At the beginning of workshop 2, instructors should ask students to collect their plate or pan from the designed storage area and provide the folder back to the students. Instructors should ask students to complete the first 3 questions of the Laboratory sheet (page 9 -LessonPlan.MER.). Once completed, they should walk student through the instructions on the Laboratory exercise (page 5-6 -LessonPlan.MER.. For the safety of students, instructors should transfer the fungi into the microscope slide as it requires an alcohol burner and lactophenol cotton blue (see instructions in point #5). If all students have a microscope allow them to place the microscope slide and look through the lenses. If the instructor only has one microscope, collect the slides form the students and display them through a projector (you can take pictures and display them, or you can connect the microscope). If no microscope is available, instructors can modify the activity by eliminating the microscopic visualization and showing pictures obtained from the internet. Instructors should ask students to complete question #4 in the Laboratory sheet (page 9 -LessonPlan.MER.). Instructor should walk students through the parts of the fungi that they are observing and how that relates to the topic discuss. Once this is done, instructors should continue with the presentation (PPT.MER.) and ask students to complete the post-evaluation form (page 7-8 - LessonPlan.MER.) and the “Two stars and a wish" evaluation (page 10 – LessonPlan.MER.); information regarding the value of the evaluations and how to implement them can be found in Suggestions for determining student learning. Collect all handouts at the end for students' assessment, and clean and discard all materials and fungal isolates. Instructors should place petri-dishes containing fungal isolates inside a Ziplock bag, and place that bag inside a secondary bag. Microscope slides should be carefully collected by instructors and placed inside a new Ziplock bag. If biohazard waste bins are available, discard bags in there.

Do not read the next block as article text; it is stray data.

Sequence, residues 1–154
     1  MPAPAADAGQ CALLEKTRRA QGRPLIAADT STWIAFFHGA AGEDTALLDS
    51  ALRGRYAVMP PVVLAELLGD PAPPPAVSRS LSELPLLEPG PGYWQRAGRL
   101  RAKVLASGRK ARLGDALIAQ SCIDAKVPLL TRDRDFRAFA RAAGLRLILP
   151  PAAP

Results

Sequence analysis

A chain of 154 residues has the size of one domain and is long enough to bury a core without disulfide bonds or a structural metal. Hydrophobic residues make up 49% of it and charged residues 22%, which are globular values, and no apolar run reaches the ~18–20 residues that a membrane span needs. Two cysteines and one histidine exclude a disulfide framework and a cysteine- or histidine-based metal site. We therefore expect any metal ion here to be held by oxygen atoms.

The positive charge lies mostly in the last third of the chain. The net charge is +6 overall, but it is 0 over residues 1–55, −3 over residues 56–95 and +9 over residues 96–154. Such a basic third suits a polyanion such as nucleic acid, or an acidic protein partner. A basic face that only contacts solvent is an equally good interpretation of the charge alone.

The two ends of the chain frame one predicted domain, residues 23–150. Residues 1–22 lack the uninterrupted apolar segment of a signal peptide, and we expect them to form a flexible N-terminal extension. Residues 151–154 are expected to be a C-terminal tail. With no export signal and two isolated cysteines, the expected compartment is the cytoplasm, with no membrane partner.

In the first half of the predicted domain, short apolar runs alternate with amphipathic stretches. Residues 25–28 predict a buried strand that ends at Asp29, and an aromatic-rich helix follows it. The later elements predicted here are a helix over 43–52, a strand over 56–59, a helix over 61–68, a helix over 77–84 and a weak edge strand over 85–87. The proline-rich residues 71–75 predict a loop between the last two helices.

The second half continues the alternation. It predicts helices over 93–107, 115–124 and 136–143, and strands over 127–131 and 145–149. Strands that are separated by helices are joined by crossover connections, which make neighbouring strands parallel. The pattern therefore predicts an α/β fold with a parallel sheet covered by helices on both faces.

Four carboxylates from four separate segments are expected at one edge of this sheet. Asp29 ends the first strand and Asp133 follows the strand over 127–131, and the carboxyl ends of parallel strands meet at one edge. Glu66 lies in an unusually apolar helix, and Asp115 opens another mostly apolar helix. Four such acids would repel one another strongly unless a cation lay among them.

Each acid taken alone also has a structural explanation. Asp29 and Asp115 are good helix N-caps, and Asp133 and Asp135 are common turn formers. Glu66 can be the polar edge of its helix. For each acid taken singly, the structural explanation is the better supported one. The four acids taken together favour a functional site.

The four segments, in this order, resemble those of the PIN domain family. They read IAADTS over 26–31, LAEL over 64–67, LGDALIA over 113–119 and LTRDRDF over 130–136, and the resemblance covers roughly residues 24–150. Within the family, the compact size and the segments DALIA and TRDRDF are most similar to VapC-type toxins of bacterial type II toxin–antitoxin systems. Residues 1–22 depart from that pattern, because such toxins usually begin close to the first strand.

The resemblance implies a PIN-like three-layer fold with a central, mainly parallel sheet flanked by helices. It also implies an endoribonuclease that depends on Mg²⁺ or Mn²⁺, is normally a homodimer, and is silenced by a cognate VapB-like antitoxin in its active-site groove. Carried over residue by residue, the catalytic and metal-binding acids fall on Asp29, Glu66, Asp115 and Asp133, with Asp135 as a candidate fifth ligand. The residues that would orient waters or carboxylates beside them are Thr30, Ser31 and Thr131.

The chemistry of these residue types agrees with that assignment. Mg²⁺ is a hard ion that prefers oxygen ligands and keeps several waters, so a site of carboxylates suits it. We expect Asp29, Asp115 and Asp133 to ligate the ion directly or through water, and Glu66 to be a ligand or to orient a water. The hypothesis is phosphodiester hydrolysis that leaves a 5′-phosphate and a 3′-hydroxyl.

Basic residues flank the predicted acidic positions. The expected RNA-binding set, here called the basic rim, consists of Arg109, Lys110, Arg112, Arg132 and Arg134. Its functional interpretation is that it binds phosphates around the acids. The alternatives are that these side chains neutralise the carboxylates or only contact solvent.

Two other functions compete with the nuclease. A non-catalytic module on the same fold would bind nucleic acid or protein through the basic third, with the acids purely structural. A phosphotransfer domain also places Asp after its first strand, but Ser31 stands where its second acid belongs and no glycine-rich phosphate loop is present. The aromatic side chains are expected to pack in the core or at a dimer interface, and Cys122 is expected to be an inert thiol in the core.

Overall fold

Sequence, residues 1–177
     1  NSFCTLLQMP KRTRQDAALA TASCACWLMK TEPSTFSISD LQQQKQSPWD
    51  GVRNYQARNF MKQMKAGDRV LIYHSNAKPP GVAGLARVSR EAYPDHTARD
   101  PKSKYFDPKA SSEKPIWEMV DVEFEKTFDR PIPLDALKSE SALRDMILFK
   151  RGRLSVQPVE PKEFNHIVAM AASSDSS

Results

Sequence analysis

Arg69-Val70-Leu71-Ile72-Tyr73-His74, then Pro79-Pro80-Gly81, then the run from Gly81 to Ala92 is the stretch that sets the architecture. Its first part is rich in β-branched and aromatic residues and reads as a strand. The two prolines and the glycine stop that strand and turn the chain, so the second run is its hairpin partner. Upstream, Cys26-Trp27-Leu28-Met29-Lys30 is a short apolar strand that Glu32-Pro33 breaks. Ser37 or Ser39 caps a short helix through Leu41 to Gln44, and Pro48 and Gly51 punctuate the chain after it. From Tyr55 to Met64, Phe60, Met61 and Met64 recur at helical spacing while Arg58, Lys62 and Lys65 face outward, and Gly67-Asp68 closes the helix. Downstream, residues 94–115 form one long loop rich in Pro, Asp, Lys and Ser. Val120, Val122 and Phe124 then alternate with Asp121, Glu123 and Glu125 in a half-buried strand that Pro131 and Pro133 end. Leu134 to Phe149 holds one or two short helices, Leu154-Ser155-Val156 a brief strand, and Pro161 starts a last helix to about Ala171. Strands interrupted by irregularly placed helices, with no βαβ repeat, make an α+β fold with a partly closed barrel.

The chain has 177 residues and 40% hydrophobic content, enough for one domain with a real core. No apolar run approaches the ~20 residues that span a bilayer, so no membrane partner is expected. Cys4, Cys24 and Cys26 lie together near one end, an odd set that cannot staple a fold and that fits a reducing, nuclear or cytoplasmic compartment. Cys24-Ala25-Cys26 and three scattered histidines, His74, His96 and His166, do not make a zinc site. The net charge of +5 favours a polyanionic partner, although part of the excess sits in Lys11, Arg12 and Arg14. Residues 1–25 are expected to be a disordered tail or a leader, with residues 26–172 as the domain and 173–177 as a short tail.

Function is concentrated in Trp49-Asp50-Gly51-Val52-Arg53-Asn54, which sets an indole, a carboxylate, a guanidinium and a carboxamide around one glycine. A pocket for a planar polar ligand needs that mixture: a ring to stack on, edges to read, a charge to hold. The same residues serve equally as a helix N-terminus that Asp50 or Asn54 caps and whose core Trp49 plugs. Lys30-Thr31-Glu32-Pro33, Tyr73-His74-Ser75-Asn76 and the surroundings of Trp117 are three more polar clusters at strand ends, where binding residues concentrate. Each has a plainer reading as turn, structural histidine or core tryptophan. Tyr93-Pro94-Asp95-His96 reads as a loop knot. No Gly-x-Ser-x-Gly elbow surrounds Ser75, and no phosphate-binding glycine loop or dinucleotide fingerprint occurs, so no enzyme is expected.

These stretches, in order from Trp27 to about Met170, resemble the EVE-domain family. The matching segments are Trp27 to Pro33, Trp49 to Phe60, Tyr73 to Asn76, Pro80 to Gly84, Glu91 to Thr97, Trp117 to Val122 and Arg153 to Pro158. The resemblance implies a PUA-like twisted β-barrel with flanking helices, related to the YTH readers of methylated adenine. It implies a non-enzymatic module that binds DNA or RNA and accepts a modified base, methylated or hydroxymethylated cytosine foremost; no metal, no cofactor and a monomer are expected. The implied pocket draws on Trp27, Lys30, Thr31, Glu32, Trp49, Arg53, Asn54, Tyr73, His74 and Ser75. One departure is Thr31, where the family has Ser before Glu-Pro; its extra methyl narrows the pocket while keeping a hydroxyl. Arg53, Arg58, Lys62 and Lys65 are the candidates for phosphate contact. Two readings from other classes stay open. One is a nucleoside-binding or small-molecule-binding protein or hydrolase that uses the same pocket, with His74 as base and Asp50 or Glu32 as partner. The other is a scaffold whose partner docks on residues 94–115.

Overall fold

Tabl​e 1. Timeline and plan for each workshop.

​Workshop​ 1 ​ ​ ​
TimelineTimePage and DocumentPlan
Page 7-8; LessonPlan.MER.
Instructors will provide students a pre-evaluation form to assess student learning.
PowerPoint lecture20-minPPT.MER.Instructors will provide a lecture introducing the concept of mycology and the role of fungi in our daily life
Day 1 of workshop35-minPage 5-6; LessonPlan.MER.Instructors will guide students into the hands-on laboratory exercise. Student will complete the Day 1 of workshop.
Workshop 2 – 7 days after 1st workshop ​ ​ ​
Day 2 of workshop40-minPage 5-6; LessonPlan.MER.Instructors will guide students into the hands-on laboratory exercise. Student will complete the Day 2 of workshop.
PowerPoint lecture10-minPPT.MER.Instructors will provide a lecture introducing careers available in the field of mycology and educational training needed for them.
Post-evaluation5-minPage 7-8; LessonPlan.MER.Instructors will provide students a pre-evaluation form to assess student learning.
 “Two-stars and a wish" form5-minPage 10; LessonPlan.MER.Instructors will provide students this form to assess students' attitude towards the lesson. ​

5. Preparing the microscope slide